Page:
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La Belle Dame sans Merci [The Beautiful Lady without Mercy] (1926), Frank Cadogan Cowper

And there she lullèd me asleep,
And there I dreamed—Ah! woe betide!—
The latest dream I ever dreamt
On the cold hill side.

I saw pale kings and princes too,
Pale warriors, death-pale were they all;
They cried—‘La Belle Dame sans Merci
Hath thee in thrall!’

John Keats, 1819

When wireless is perfectly applied the whole earth will be converted into a huge brain, which in fact it is, all things being particles of a real and rhythmic whole. We shall be able to communicate with one another instantly, irrespective of distance. Not only this, but through television and telephony we shall see and hear one another as perfectly as though we were face to face, despite intervening distances of thousands of miles; and the instruments through which we shall be able to do his will be amazingly simple compared with our present telephone. A man will be able to carry one in his vest pocket.
—  Nikola Tesla, declared in 1926  

Joan Crawford’s famous Charleston kick as captured in the year 1926.

Joan came to Hollywood in 1925 as a hard-knock Broadway chorus girl without censorship. She was a mascot of such favorite venues as the Cocoanut Grove and the Montmartre, where she would easily devastate her competition in countless Charleston contests. She collected more champion trophies than she knew what to do with.

Her vigorous Charleston became legendary as astonishingly early as 1930. When the age of the flapper buckled to patronizing reconsideration, Joan and her verve remained substantial in the nostalgia for a lost era. “Remember when Joan Crawford was a ‘hotcha’ baby tearing up the floor at the Grove?” sighed fan magazines, newspaper columnists, writers, actors, directors, producers, crew members, and wistful fellow Jazz Age symbols.

A rare exception in the Hollywood practice of impermanence, the memory of Joan as scalding “hey-hey” flapper of the Roaring Twenties never disappeared from the foreground. The beloved Crawford Charleston—breathless, stomping, panting, kicking, sweating, grinning, electrifying–has endured the restless American cultures of nearly nine decades. To this day it continues as an indestructible icon belling the legend of 1920s youth.

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Rest in peace angel, I love you.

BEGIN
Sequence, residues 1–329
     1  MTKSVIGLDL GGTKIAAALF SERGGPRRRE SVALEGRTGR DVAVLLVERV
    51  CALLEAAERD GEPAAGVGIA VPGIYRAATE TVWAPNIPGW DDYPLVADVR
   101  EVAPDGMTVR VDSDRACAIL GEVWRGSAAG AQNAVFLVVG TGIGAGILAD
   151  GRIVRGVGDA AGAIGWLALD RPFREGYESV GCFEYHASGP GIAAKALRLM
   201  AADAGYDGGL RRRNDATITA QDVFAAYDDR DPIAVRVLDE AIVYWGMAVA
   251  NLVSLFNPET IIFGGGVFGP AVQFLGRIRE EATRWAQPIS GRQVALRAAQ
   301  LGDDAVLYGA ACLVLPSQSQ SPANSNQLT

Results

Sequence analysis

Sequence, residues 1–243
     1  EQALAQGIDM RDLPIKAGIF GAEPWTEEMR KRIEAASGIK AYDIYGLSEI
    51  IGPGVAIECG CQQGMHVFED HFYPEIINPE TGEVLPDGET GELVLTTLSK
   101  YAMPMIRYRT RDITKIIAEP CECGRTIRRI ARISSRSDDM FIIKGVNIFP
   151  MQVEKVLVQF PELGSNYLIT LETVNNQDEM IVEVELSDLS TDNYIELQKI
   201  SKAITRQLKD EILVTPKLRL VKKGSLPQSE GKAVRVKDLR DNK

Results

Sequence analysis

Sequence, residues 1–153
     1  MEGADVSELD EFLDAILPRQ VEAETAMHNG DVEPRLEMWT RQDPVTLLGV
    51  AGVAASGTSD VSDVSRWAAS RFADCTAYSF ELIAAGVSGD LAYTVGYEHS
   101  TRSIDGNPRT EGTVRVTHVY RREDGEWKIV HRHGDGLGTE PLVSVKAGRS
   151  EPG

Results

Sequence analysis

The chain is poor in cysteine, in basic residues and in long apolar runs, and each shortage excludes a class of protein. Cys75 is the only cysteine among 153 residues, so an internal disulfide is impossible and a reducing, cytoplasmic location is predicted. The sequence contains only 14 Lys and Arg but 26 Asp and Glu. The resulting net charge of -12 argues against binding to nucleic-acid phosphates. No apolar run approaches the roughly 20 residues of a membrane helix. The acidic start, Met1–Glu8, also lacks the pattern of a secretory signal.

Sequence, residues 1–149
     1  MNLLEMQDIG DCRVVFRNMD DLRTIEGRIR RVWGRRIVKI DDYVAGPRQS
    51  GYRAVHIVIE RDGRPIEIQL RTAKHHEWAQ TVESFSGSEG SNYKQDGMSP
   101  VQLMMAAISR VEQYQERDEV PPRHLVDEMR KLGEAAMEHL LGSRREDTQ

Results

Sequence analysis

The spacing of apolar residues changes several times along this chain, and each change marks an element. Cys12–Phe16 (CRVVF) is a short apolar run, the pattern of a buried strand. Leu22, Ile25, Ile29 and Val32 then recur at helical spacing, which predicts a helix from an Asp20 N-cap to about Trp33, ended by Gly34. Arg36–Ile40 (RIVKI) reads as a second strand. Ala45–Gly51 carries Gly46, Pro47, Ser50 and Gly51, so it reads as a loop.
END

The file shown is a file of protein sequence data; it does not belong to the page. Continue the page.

June 1, 1926 - August 4, 1962.

The girl had little education and no knowledge except for the knowledge of her own experiences. She was a simple eager young woman, who rode a bike to the classes she was taking. A decent-hearted kid whom Hollywood brought down – legs parted. All young actresses in that time and place were thought of as prey to b overwhelmed and topped by the male. To be brought down.” ~ Elia Kazan

She came to us in all of her mother’s doubt and left in mystery.” ~ Norman Mailer

Marilyn Monroe was a legend. She created a myth of what a poor girl from a deprived background could attain, but I have no words to describe the myth and the legend. I did not know this Marilyn Monroe. Nor did she.” ~ Lee Strasberg, close friend and acting coach

What I particularly liked about Marilyn was that she didn’t act like a movie star. She was down to earth. Sure, she was beautiful and sexy, but there was an almost childlike innocence about her.” ~ George Barris

Everybody knows about [Marilyn’s] insecurities, but not everybody knows what fun she was, that she never complained about the ordinary things of life, that she never had a bad word to say about anyone, and that she had a wonderful spontaneous sense of humor.”- Sam Shaw

Do you remember when Marilyn Monroe died? Everybody stopped work, and you could see all that day the same expressions on their faces, the same thought: “How can a girl with success, fame, youth, money, beauty … how could she kill herself?” Nobody could understand it because those are the things that everybody wants, and they can’t believe that life wasn’t important to Marilyn Monroe, or that her life was elsewhere.” ~ Marlon Brando